Dealing with full or partial hearing loss can be a stressful and overwhelming process for both children and parents. Most cases of pediatric hearing loss occur in families where the parents do not suffer from hearing impairment, which can make the process more difficult to navigate. Although many auditory problems are diagnosed at birth, the signs of loss of hearing can manifest at any time from child to child, and understanding the symptoms and getting an accurate diagnosis as soon as possible is the key to child hearing loss treatment.
The Effects of Hearing Impairment on Child Development
The human ear is an intricate and complex system that helps the brain to both process sounds and maintains our sense of balance and spatial orientation in relation to the objects and the world around us. In childhood, hearing plays a critical role in learning and development. Hearing problems can interfere with a child’s intellectual, social and emotional development, which can be especially frustrating and stressful for children who are too young to adequately express and communicate their symptoms.
Signs and Symptoms Your Child May Be Suffering from Full or Partial Hearing Loss
Failure to react to loud noises and trouble recognizing speech and following conversations are the most common signs of some degree of child hearing loss. Other symptoms to look out for include:
- Difficulty hearing above background noise
- Difficulty following conversations where more than one person is speaking at a time
- Difficulty interpreting or accurately processing speech/complaints people are mumbling
- Complaints about buzzing or ringing in one or both ears (tinnitus)
- Asking people to speak slowly or repeat themselves
- Difficulty with their own speech, making short simple sounds that taper off
Anatomy of the Ear and Different Types and Causes for Impaired Hearing
The ear is divided into three parts: the inner ear, the middle ear and the outer ear. Sound enters through the outer ear and passes through the external auditory canal to the eardrum (tympanic membrane). When sound reaches the eardrum, it causes vibrations which pass through the cochlea in the inner ear.
The cochlea transforms the vibrations it receives from the eardrum into the nerve signals that are sent to the brain to interpret sound. Congenital (present from birth) defects and injuries in the inner ear can impair a child’s hearing and development.
Many children are born with hearing defects. Other cases are the result of injuries, inflammation, and infections in the middle or inner ear.
What is the Difference Between Cochlear Implants and Hearing Aids?
Child cochlear implants are an alternative to hearing aids for children with advanced hearing impairment or complete child hearing loss. The hearing loss treatment works as a replacement for a damaged cochlea. The FDA (Food and Drug Administration) has approved the use of implants on children over the age of one. While standard hearing aids amplify sounds by making them louder, a child cochlear implant produces electrical signals that stimulate the auditory nerves to recreate sound for children suffering from near or total deafness.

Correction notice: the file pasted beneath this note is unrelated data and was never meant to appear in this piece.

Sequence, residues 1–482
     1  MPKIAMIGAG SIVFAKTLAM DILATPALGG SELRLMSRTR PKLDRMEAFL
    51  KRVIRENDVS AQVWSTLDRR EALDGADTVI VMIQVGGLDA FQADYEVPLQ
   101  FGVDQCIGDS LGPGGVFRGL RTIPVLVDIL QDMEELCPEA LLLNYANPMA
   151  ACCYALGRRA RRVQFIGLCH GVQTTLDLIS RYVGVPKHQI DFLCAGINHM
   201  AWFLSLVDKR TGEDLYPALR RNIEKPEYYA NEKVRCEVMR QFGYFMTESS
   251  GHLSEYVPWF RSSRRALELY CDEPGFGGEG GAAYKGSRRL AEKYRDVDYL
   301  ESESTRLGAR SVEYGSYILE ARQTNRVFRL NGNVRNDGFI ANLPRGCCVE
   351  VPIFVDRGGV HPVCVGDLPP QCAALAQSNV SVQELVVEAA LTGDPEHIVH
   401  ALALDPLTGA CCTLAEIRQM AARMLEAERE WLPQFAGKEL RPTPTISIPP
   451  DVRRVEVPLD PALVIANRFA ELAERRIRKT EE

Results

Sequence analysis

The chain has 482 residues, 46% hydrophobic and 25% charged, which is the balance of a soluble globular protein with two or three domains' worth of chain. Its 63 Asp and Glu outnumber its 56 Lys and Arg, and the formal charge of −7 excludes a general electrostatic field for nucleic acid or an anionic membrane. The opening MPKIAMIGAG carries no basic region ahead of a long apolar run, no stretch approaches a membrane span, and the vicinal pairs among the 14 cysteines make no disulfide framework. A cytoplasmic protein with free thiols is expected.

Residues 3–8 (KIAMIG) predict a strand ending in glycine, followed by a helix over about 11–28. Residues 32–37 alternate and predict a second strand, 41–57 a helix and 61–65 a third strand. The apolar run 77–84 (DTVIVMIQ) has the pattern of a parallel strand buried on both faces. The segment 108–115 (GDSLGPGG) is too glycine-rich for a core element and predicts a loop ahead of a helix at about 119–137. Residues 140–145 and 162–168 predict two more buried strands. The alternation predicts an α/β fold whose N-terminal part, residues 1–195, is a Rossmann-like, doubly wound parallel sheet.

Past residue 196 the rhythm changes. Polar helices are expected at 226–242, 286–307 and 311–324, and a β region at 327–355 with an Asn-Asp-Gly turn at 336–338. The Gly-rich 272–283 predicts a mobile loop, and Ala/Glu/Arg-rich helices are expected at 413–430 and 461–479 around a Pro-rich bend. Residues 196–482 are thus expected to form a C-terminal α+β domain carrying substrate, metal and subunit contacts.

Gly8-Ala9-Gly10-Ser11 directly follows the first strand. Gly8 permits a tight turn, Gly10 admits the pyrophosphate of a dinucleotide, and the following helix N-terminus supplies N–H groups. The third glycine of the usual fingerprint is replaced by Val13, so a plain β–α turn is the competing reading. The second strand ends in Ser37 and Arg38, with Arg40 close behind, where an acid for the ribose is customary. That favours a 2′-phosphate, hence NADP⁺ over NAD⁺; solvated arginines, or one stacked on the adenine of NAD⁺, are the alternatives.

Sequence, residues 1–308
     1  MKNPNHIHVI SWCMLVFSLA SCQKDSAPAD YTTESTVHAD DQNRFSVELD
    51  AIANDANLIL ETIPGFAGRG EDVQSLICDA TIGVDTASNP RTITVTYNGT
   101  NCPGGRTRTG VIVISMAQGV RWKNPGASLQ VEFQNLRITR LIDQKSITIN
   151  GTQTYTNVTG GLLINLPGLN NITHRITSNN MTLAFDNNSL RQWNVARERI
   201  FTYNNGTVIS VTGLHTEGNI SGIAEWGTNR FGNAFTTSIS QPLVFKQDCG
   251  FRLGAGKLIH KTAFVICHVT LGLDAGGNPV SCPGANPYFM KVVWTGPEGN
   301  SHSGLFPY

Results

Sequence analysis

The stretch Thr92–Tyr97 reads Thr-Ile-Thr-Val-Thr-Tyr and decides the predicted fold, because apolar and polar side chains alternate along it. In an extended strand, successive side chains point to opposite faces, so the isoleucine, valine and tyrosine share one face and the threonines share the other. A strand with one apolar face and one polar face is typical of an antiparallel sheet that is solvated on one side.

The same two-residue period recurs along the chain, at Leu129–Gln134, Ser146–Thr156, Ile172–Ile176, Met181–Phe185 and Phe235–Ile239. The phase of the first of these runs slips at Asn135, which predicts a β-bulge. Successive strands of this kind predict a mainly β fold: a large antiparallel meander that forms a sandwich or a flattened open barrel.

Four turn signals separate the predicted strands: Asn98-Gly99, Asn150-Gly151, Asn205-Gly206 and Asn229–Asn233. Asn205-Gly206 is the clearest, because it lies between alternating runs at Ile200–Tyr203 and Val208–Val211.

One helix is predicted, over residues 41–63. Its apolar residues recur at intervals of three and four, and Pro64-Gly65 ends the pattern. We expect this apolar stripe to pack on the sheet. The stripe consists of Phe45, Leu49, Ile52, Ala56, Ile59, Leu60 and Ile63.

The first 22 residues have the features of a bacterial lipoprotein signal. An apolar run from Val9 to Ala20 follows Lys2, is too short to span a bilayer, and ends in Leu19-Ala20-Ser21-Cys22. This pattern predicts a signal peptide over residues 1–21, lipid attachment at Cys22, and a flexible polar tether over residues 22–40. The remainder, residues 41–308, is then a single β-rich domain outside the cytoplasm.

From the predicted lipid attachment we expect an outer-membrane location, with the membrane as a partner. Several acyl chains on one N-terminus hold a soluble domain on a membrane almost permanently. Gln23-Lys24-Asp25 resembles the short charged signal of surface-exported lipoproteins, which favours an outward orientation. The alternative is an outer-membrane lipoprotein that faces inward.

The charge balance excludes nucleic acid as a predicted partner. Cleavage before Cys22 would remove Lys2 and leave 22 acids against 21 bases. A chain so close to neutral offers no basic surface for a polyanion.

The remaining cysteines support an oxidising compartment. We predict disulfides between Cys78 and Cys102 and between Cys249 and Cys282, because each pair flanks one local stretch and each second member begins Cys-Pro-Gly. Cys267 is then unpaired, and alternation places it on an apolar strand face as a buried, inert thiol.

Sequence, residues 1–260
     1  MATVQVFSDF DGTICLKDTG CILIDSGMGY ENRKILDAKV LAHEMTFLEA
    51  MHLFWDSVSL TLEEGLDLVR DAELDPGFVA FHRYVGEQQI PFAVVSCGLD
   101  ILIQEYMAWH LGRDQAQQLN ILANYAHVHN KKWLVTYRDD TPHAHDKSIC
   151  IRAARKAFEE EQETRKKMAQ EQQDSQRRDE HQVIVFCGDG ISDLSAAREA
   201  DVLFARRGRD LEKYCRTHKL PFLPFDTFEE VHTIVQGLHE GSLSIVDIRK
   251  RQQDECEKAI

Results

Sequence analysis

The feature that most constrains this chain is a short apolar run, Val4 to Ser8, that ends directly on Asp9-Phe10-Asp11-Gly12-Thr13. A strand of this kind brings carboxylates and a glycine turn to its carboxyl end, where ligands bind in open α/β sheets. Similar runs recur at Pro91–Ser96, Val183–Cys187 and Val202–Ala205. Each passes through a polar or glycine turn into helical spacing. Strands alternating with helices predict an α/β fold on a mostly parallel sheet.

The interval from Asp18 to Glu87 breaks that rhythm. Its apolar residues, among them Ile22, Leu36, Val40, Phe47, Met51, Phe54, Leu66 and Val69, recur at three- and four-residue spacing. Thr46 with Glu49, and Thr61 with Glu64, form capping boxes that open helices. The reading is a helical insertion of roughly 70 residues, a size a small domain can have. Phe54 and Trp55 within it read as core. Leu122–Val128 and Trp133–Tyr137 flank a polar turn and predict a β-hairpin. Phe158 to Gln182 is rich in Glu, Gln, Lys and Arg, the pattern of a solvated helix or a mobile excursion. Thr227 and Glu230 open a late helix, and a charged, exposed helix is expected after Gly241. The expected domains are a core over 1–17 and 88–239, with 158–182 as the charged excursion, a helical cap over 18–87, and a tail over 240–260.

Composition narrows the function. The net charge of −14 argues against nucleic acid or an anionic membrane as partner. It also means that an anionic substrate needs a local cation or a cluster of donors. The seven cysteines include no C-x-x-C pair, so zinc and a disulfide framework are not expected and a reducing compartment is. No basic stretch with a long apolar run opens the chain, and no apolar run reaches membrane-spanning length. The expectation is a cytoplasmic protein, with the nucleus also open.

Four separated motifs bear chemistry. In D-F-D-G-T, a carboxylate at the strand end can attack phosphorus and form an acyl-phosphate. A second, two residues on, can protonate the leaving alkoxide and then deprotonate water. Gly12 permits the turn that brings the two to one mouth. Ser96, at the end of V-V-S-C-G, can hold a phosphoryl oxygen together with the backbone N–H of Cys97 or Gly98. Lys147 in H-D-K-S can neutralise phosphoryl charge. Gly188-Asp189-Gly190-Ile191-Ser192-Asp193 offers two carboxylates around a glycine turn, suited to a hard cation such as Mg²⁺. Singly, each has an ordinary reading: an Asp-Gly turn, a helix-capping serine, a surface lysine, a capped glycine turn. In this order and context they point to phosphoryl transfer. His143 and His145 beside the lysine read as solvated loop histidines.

Is Your Child a Good Candidate for a Cochlear Implant?
Parents should seek treatment for their child as soon as signs of auditory problems become evident. The otolaryngologists at Pediatric ENT Associates in Birmingham recommend getting the implant as soon as possible after the onset of child hearing loss, especially for children in the speech and language acquisition phase of development. Studies have shown significant improvements in speech, learning and hearing in children who receive a cochlear implant by the age of 18 months. However, children who lose hearing after they have started to speak can also benefit from the cochlear implant.
The general eligibility guidelines for pediatric cochlear implants are:
- Under the age of five
- Extensive hearing loss in both ears
- Limited/insignificant results from hearing aids
- In good general health and no medical problems that could interfere with or increase the risk of negative reactions and complications to surgery (CI is a surgical implant)
- Have the ability to learn how to communicate with a child cochlear implant
- Access to a support system and the ability to commit to extensive language coaching and speech therapy
The hearing specialists at Pediatric ENT Associates in Birmingham offer a number of diagnostic tests and evaluations to determine the extent of child hearing loss, and whether he or she is a good candidate for cochlear implants:
- Audiograph (test to determine the child’s response to a range of sounds)
- Physical exam of the outer, middle and inner ear to check for inflammation and infections
- CT or MRI scans to check for potential nerve and cochlear damage
- Evaluation to determine how well the child will respond to the implant
Find out more about child hearing loss at WebMD.
Pediatric Hearing Loss Treatment in Birmingham, AL
If your child is suffering from congenital loss of hearing or exhibiting newly developed signs of difficulty hearing in one or both ears, contact Pediatric ENT Associates by calling (205) 831-0101 to learn more about child hearing loss treatments and to schedule an appointment with an ear, nose, and throat doctor today.
Next, read Is a Cochlear Implant Right for My Child?